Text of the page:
JONES: Yes it was 45 [per cent]. The thing that worries them, though, PM, and I'm sure you're aware of this, a former Chinese military officer who worked with the Chinese Communist Party agencies and another group with links to organised crime. These are the people behind all of this, this bloke Quang, is a former officer in the People's Liberation Army, runs a number of Communist Party backed organizations. And people are saying, how the hell, how are these people operating in Australia?
PRIME MINISTER: Well, I think in many ways Alan, when these things are exposed and acted upon. I think it's a reminder that, you know, we need to have strong laws about these things. And that's why we have put strong laws in place.
JONES: Well, after all this though, and the cost to the world economy, trillions of dollars, this week the wet markets across China resumed operation. No additional rules, no regulations. Fruit bats are still on the menu. What is the world, or should the world be doing about this?
PRIME MINISTER: Well wet markets, I think, is a very real and significant problem wherever they exist. I mean, this virus started in China and went round the world. And that's that's how it started. We all know that. And these wet markets can be a real problem when it comes to what can occur in those markets. And I think from a world health point of view, this is something the World Health Organisation should do something about. I mean, all this money that comes out of the UN and the World Health organisation,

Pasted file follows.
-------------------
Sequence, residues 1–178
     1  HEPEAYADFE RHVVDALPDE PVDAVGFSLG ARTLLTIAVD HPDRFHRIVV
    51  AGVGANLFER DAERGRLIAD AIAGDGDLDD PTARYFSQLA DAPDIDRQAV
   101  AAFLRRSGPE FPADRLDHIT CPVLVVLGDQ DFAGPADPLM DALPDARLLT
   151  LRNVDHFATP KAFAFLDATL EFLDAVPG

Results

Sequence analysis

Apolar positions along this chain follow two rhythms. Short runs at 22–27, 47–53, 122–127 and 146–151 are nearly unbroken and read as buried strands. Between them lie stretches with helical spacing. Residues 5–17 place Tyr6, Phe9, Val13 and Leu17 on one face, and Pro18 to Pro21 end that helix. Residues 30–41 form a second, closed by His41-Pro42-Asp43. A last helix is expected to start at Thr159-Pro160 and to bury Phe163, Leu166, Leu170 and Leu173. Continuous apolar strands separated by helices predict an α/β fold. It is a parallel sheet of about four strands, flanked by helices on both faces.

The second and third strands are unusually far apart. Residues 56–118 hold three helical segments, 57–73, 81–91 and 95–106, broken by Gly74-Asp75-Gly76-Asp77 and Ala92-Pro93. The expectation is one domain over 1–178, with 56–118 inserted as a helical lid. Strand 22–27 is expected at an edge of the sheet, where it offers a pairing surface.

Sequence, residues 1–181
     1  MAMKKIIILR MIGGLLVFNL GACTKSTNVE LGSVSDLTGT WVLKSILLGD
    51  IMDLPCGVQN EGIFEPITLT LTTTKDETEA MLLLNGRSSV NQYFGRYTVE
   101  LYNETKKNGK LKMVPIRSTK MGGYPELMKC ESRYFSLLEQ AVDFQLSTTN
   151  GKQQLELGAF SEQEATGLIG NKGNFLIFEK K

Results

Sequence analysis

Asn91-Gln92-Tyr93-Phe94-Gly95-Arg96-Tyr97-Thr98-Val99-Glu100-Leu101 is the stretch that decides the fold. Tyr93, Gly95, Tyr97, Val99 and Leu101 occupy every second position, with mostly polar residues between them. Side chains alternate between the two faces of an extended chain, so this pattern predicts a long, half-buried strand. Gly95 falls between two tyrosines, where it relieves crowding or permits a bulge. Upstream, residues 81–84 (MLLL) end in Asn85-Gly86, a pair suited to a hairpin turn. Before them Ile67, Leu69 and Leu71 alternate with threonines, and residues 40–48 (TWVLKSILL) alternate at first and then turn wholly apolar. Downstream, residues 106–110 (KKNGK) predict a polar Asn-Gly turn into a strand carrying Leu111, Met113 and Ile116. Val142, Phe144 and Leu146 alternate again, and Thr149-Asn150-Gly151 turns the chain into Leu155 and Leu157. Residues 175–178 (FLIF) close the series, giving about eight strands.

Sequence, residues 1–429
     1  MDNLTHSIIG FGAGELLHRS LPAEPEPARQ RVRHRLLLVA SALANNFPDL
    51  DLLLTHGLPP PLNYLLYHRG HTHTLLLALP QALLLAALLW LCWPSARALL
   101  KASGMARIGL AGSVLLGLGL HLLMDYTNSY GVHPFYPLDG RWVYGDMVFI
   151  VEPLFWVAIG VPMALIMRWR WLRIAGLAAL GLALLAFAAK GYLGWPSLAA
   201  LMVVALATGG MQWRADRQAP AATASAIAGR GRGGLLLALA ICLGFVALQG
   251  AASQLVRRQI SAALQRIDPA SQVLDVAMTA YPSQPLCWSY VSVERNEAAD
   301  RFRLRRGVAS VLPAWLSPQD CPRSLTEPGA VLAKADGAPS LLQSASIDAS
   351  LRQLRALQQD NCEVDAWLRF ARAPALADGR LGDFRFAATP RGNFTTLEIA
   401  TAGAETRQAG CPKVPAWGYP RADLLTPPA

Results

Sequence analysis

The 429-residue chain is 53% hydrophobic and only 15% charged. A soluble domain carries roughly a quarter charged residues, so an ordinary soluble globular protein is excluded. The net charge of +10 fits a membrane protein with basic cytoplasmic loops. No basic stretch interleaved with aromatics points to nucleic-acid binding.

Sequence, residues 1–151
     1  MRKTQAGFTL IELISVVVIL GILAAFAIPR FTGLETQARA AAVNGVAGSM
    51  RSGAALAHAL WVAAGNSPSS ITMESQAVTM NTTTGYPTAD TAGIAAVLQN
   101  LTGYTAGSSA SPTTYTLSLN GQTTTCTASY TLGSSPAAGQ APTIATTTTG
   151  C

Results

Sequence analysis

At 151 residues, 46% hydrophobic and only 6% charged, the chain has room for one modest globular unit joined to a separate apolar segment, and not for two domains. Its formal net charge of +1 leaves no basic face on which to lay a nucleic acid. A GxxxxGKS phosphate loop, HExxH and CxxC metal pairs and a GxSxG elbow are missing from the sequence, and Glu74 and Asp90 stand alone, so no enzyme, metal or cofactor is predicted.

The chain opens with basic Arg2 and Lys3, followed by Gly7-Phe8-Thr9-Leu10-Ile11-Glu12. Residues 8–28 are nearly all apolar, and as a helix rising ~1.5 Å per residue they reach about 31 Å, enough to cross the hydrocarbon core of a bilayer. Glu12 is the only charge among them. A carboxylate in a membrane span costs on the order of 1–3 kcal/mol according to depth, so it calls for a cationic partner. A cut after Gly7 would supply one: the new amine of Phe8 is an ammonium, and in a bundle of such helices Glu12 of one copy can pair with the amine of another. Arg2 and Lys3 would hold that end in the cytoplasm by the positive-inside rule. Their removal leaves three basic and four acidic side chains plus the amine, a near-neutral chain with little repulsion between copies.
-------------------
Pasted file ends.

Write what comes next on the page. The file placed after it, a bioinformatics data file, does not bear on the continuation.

JONES: Well the bloke in charge is in bed with China, he’s an apologist for China.
PRIME MINISTER: You know, this is why we've got to be quite strident on these things in these forums. And make sure that they're dealing with what are quite serious world health risks.
JONES: Look, I'm not, I'm not here to pat you on the back, but a lot of people have commented about your address last Friday where you very sensibly warned that those advocating lockdown should be, your words, be careful of what you wish for. And sensibly, I think you agreed to quarantine people arriving in Australia from overseas in hotels guarded by police and the military and so on. But days later, state Premiers proceeded on their own way and imposed these draconian lockdown rules without parliamentary approval. Your advice was be careful what you wish for. What do you say to the people who now have to be careful? They're frightened of going out of their home?